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Amilcar Cabral: A foremost anti-colonial leader who helped end Portuguese rule in Africa 

Arguably one of the greatest philosophical nationalist leaders to ever emerge from the continent, Amílcar Lopes da Costa Cabral, commonly called Amilcar Cabral is remembered as a great Pan African thinker and fighter in the African national liberation struggles against colonialism. Cabral was an intellectual, poet, theoretician, revolutionary, political organizer, nationalist and diplomat who gave it all for the liberation of his people.

Cabral was born in Guinea Bissau, then Guinea Portuguese in 1924 to parents both from Cape Verde, another Portuguese colony he would later help to liberate. At the time, the uniform colonial policies of acculturation and assimilation were alive and well, thus when Cabral finished basic education in a colonial mission school in Bissau, he was taken to Lisbon, Portugal where he studied agronomy at the university.

This new environment presented a fresh opportunity for him to meet with other students from Portuguese colonies, specifically from Mozambique and Angola with whom he organized and discussed strategies of liberating the continent.  Conscious of the malicious nature of the Portuguese colonial administration at the time and his desires to end the Eurocentric ways of thinking about leftist or radical politics especially in Africa saw him return to the continent in 1950, to commence a life long struggle to liberate the continent.

“History teaches us that, in certain circumstances, it is very easy for the foreigner to impose his domination on a people. But it also teaches us that, whatever may be the material aspects of this domination, it can be maintained only by the permanent, organized repression of the cultural life of the people concerned”. – Amílcar Cabral, National Liberation and Culture speech at Syracuse University, 1970.

Six years after his return, Cabral has quickly reconnected and organized his people and founded “Partido Africano da independência da Guinea e Cabo Verde or PAIGC” to lead the struggle for independence simultaneously for Guinea Bissau and Cape Verde. At the same time, his comrades in Angola, Mario de Andrade and Antonio Agostinho Neto founded “the Movimento Popular Libertação de Angola or MPLA.”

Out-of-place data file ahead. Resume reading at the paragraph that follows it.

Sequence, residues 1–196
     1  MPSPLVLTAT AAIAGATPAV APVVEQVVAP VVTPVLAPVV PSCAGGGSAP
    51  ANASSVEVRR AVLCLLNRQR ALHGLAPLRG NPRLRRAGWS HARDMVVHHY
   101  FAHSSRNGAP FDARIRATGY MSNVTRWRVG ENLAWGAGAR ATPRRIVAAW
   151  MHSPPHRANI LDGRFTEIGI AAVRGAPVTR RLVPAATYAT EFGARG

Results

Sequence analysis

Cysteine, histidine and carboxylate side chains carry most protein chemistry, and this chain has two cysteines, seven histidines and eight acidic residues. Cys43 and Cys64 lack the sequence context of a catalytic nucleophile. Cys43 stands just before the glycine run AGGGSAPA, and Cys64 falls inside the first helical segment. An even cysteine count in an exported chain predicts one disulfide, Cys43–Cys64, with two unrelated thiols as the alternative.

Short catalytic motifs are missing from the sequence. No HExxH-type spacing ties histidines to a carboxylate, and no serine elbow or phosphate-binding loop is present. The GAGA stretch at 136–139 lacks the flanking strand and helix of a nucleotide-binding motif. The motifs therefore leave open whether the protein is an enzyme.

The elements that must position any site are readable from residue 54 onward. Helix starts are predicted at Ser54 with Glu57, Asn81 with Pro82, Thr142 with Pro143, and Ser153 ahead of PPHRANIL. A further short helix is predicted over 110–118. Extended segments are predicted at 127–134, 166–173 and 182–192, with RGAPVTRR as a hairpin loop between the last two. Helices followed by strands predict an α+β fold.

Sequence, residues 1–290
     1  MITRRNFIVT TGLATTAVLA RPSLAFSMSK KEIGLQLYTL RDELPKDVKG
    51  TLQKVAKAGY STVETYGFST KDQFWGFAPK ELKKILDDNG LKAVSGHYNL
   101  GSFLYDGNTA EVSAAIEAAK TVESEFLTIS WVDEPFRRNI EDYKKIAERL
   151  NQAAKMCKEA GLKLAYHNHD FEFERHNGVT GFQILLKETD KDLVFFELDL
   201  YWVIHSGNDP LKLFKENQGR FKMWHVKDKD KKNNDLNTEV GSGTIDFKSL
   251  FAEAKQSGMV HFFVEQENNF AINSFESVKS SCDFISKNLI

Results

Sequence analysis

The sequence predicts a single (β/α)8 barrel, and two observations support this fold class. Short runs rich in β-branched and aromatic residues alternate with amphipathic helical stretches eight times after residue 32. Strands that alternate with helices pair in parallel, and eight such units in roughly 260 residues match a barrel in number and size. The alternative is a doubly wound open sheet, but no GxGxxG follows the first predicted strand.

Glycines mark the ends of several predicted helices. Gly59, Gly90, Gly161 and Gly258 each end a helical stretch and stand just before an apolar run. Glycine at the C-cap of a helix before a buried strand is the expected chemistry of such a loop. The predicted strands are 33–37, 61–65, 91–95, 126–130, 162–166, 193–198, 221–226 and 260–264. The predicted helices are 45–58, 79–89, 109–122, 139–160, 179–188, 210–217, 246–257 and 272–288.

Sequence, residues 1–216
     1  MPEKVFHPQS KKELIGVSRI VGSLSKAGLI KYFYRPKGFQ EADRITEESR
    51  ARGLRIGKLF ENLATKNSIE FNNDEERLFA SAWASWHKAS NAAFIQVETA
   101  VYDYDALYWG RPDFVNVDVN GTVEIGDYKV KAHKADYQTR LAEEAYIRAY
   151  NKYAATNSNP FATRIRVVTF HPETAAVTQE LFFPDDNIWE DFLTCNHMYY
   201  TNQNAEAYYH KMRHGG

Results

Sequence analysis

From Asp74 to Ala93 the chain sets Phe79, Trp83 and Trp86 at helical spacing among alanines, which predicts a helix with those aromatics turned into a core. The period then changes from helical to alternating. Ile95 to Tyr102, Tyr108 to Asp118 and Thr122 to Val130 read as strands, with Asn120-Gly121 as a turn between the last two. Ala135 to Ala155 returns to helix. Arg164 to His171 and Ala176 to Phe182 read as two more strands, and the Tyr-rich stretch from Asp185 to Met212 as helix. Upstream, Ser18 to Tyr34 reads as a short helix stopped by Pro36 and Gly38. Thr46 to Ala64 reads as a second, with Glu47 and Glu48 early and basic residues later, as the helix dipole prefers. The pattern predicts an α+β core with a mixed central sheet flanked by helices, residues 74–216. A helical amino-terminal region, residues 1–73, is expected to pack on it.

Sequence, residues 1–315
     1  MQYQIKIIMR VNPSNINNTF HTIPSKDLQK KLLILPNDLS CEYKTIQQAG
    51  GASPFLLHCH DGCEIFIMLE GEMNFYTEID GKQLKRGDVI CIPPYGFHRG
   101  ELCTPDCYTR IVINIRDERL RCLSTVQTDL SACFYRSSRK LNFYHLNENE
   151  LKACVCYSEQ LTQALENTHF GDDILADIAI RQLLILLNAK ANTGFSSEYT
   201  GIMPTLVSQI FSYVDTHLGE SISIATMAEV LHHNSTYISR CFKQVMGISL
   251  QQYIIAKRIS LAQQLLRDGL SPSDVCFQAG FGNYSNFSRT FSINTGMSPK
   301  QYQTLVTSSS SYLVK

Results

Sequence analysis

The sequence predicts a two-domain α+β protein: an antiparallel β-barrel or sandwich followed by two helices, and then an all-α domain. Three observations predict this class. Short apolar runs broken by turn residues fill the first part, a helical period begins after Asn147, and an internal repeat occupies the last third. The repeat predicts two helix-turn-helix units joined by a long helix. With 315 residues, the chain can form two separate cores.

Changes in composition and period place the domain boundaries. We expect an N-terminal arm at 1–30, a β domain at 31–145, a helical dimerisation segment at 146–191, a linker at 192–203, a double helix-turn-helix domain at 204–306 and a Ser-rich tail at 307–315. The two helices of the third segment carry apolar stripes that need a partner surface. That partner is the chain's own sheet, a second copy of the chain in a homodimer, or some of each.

From 1963 to 1973, Cabral led the PAIGC to fight an armed guerrilla war for independence, at the same time travelling across the socialist world propagating his ideas, plans and strategies for an independent Guinea Bissau, Cape Verde and Africa.

While the world was continuously dumbfounded by the frequent military success by the Cabral led guerrilla militia over the supposedly well trained Portuguese army, Cabral remained resolute over his call for independence with little of this strategy known to the outside world.

As the Portuguese were continuously weakened, and the hour of independence written on the wall, they launched an all-out attack dubbed “Operation Mar Verde, Green Sea in Guinea Conakry on November 22nd, 1970 to kill Cabral as well as Sekou Touré but failed. The Portuguese intelligence service would later assassinate Cabral through an agent within the PAIGC on 20 January 1973 eight months before Guinea Bissau was granted independence.

The problem of the nature of the state created after independence is perhaps the secret of the failure of African independence. – Amílcar Cabral, “Connecting the Struggles”

Perhaps what distinguished Cabral from all other nationalists at his time was his clearly spelt vision for his people. From the cultural identity of the people to the State structuring and understanding the power of the people, were all ideas that Cabral have highly manifested understanding.  Above that, he has repeatedly echoed in the same voice as Kwame Nkrumah that the independence of his country could not be separated from that of the rest of the African continent. This has led him to the history books of the independence struggle of several African countries, including South Africa, Angola, Mozambique, Cape Verde, among others, all of whom he either rendered a voice or took action to compliment the Pan struggle for liberation.

Revolutionary democracy demands that…at all costs[,] the people feel that it is they who have the power in our lands in their hands. Up until now, they have not felt this very much. In the liberated areas, some comrades have usurped this power of our people.” – Amílcar Cabral, “Revolutionary Democracy” 1969.

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